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Title: Signifying Bodies The Body In Bukusu Circumcision Ritual
Authors: Changalwa, Japheth Kizito
Keywords: Signifying Bodies The Body In Bukusu Circumcision Ritual
Issue Date: Jun-2022
Publisher: Egerton University
Abstract: ABSTRACT This study sought to investigate the possible meanings that can derive from the body significations during the Bukusu circumcision ritual, and the contexts in which those meanings were constructed. The objectives of the study were to identify the cultural signs exhibited by bodies during the Bukusu circumcision ritual, to map out the figurative relationship and interaction among bodies during the initiation ritual and to understand the symbolic and cultural significance of the relationship of the bodies in the context of the Bukusu circumcision ritual. The study uses historical and ritual data collected ethnographically among the Bukusu of Western Kenya to understand how bodies within the Bukusu circumcision ritual construct ritual meanings. The study was framed by the Carnival Ambivalence Theory. The researcher approached the study from the premise that culture is a social construct and, therefore, must be studied from its immediate context. The study was informed by the social constructivist paradigm. The target population comprised initiates and participants in the Bukusu circumcision ritual. The data collection methods were participant observation and interviews. The data collection tools included the interview guide and video recorder. The findings of the research led to the conclusion that body signification in the Bukusu circumcision ritual embodies meanings that inform the practice of everyday life of the community. The emergent meanings which the bodies embody are of great significance to the participants within the current dispensation and socio-cultural context. The relationships emerging from the Bukusu circumcision ritual emphasise the significance of collective unity and the need for coexistence. Bodies in Bukusu circumcision ritual are avenues for communicating important messages to the initiates and the community at large and the bodily praxis are effective communication tools for relaying concepts that touch on the continuity of the community. The study complicates the understanding of the carnival ambivalence theory, particularly the extent to which it could help understand the carnival genres and contribute to the appreciation of cultural diversities.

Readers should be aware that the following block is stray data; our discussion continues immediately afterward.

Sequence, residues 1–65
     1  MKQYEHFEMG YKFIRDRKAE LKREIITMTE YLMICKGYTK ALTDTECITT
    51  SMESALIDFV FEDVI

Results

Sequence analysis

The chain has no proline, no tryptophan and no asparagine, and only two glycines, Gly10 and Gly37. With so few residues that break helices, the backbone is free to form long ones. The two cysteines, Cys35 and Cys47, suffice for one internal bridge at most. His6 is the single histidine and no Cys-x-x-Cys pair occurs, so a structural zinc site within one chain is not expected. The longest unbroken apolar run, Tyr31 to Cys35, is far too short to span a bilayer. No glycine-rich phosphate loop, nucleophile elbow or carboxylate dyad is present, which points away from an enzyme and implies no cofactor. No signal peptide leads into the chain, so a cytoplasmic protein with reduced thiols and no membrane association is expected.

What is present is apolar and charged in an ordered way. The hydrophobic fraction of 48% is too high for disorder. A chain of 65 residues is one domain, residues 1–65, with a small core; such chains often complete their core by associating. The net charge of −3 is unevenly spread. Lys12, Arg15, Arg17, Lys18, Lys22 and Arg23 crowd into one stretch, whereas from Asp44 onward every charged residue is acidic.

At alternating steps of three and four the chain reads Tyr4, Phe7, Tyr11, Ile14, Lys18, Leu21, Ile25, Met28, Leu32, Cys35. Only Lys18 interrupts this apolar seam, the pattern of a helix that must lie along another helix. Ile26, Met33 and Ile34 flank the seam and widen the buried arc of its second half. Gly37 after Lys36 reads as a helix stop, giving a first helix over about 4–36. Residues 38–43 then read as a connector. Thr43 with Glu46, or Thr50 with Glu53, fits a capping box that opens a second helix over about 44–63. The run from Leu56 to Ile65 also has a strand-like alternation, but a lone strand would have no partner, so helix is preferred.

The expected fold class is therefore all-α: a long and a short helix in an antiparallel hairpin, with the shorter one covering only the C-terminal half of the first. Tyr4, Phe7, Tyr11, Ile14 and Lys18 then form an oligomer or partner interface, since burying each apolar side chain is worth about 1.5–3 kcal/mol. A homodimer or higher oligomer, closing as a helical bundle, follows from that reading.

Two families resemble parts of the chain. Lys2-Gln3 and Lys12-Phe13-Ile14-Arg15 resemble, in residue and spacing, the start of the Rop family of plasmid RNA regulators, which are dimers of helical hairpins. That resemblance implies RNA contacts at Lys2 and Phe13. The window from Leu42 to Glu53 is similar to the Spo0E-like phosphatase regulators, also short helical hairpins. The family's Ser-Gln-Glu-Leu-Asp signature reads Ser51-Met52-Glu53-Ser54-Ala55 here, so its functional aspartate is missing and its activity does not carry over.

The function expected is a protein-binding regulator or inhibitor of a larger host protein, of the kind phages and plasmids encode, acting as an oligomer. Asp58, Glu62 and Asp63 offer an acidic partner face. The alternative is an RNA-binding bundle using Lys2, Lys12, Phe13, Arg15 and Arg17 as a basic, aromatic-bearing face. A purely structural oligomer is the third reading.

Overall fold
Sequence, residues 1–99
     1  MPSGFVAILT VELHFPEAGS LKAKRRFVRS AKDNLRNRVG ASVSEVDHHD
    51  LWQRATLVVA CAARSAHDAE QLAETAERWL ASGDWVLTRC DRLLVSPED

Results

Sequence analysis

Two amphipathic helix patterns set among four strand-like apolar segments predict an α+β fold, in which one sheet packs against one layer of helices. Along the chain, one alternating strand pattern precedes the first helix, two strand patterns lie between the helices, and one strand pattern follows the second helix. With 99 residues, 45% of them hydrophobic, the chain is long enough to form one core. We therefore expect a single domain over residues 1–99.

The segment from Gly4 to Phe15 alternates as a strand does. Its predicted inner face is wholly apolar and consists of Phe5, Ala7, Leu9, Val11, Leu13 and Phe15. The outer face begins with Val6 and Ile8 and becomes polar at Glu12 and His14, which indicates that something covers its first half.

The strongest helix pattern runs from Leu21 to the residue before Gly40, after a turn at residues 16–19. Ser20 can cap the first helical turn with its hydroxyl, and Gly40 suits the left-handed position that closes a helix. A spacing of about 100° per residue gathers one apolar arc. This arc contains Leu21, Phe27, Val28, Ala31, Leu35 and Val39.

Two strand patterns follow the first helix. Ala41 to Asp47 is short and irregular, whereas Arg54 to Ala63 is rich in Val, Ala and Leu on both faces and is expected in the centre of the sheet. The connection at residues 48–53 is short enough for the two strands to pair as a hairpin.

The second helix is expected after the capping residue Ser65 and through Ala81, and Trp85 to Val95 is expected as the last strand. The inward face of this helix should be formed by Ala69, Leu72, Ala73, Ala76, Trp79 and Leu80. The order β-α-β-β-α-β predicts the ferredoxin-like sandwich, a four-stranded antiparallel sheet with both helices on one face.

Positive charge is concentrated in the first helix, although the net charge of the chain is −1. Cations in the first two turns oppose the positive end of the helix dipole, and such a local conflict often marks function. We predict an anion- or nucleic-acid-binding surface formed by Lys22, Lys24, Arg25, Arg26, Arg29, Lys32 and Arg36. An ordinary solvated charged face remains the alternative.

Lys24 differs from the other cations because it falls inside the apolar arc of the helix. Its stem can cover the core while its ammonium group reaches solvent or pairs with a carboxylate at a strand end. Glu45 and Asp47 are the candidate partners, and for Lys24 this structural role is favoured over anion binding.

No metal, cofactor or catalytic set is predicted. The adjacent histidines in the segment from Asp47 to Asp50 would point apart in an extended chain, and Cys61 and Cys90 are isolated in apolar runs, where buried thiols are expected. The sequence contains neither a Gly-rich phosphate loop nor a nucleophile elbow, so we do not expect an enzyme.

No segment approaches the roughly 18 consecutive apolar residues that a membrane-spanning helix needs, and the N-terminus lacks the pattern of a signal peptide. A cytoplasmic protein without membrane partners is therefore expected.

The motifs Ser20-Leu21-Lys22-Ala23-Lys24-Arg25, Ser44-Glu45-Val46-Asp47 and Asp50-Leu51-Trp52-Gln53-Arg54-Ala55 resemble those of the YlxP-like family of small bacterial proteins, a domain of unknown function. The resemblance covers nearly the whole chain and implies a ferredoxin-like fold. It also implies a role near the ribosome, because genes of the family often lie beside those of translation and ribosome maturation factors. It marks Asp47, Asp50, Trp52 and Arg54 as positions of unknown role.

Appears in Collections:Faculty of Arts and Social Sciences

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